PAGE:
As a talkative person who has been affectionately called a ‘big mouth” and inspired more inquisitive minds to wonder if I would ever shut up, I have a pretty good tolerance for noise. It generally doesn’t tend to bother me. I enjoy a good conversation, a stimulating discussion, an impassioned debate, just as much as the next person. Just not all day long. Definitely not if I am not needed to have said conversation. Much less so when it is screamed at me because the other participants are almost completely deaf. This is where my Dad is a viking. He doesn’t need an audience nor a conversation opener it would seem. He often starts in the middle with “So I told him…” It takes a while before I even realised the conversation is aimed at me. When he tries to have a discussion he thinks calling me a moron is helping to develop the debate. This is normally when I tap out and put my headphones on. He does get sulky when he can see you’re ignoring him, which often leads to very animated discussions with the television. When he and my Mum ‘talk’ it could be easily misinterpreted as an argument. The police have been called more than once. Occasionally he bursts into song which then makes my mother burst into song and we then have a Bollywood sing off at 9pm. Delightful.  Imagine this all day every day. I no longer leave my room if I am home without a sibling.

Practical Joker

When I was a teen it was the bane of my life. The fake letters in the post, the phone calls, the ‘hilarious caricatures’ where I was covered in acne and arm hair. What every sensitive 14 year old girl needs. My Dad can actually be quite a funny guy, but too often it’s at the expense of someone else and you need to remind yourself, he is a small old man whom you will gain zero satisfaction from killing. He is constantly making up songs about how I have no friends, or how I am stupid, but to a jazzy tune like Copacabana, so it can’t really be seen as cruel. Nothing sounds mean when sung right? Wrong. It’s actually the karaoke equivalent of “Why do you keep hitting yourself?” You can only be called an idiot 27 times in a row before you start developing a twitch. I know. I have tested it out. In an attempt to save my sanity I have started smoking again, Unfortunately unless I start smoking crack or dosing myself with Ketamine, it won’t be enough. My Mum feigns sleep, only having a sneaky peek to see if she can sit up and finish off the rest of the peanuts before he comes back to share his latest joke. He doesn’t need you to be awake to talk at you…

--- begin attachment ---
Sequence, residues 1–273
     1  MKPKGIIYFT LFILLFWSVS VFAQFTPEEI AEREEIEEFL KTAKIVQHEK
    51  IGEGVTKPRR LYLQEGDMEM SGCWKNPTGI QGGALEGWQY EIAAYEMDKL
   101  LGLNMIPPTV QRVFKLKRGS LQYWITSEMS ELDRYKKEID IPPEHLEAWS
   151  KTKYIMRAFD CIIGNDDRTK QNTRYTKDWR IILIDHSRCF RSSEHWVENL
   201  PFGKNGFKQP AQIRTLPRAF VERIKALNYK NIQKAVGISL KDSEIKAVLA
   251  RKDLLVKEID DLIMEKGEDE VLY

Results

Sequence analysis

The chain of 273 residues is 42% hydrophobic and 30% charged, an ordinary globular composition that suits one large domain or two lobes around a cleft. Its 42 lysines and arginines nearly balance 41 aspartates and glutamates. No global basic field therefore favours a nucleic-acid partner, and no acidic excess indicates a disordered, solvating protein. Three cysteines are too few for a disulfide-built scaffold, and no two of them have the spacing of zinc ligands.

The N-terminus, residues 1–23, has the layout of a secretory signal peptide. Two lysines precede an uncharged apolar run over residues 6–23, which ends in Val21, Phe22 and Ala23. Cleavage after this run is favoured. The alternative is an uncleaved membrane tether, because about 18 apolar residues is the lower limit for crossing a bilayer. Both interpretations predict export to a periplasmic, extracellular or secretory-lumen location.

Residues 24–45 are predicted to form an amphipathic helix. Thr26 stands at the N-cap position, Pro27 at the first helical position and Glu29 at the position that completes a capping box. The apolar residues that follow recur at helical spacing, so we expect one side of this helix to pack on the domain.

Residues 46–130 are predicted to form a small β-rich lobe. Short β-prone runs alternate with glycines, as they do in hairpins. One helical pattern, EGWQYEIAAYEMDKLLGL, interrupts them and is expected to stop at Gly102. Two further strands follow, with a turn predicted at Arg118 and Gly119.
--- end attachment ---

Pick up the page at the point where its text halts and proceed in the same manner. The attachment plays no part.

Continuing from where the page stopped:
Over Sharing

Since I can remember being able to understand my Dad’s anecdotes about his reckless youth, I have begged my father to keep his personal life and sexual commentary to himself. He retells it like the Adventures of Emmanuelle, only it’s being told by a man who isn’t wearing his teeth yet. Player Player.  I doubt the film franchise would have had the same international success, had it been told by a wheezy, 76 year old Emmanuelle. No one needs to know that, nor do they want to picture that. The number of times I have wanted to stab myself in the ear after some comment my father has made about some scantily clad woman on the TV, or when he has managed to crowbar in a story of his sexual hey day, well I would have slowly stabbed myself to death. My cries of “Inappropriate!” are ignored. I am a prude, it would seem. According to him, once you pass 18 everything gets put on the table. Maybe this is why most people leave home around that age. Now I am back and using his electricity, the only way out of hearing it, is to get up and go. He’ll remember though. Next time I am hungover and unable to move on the sofa, he will pick up where he left off and there isn’t enough Rohypnol in the world…

Human compost heap

Both my parents seem to think that I double as a garbage disposal. They are both impulsive shoppers, easily swayed by a BOGOF campaign. My mother is the worst offender. She will come home after one of her walkabouts around London, with an bag filled with random snacks that have taken her fancy and will then proceed to push them on you like her life depending on your consumption of these goods. “Have you had a Battenberg?” She will ask this question seven times in a day, often minutes after the previous time and then finally approach me in all severity, pause the telly and instruct me that it is my job to eat all the remaining Battenberg as it now stale. After three hours. The same is done for any food in the fridge going off. Many a time have I walked into the dining room to see a plate with a stale cake, a watery looking piece of fruit, some hummous that I didn’t know we had and a packet of Golden Wonder, and walked back out before she could make me eat it. When I have returned later in the evening I can still hear her ranting about her ungrateful children and my dad’s inability to force us to eat food. The key is to wait until they’re asleep and throw the food into the recycling bin. She seems to be so much happier in the morning and if I fake stomach cramps I get a cup of tea thrown in to boot. Ironically when she gets food that we all love, we are all rationed one piece each and god forbid you should eat more than your share. Believe me, there is hell to pay when that happens.

Tomorrow we will cover drunken MJ impressions and learning shame. For now I have managed to convince myself to take a walk to the pub. It’s what a grown up would do.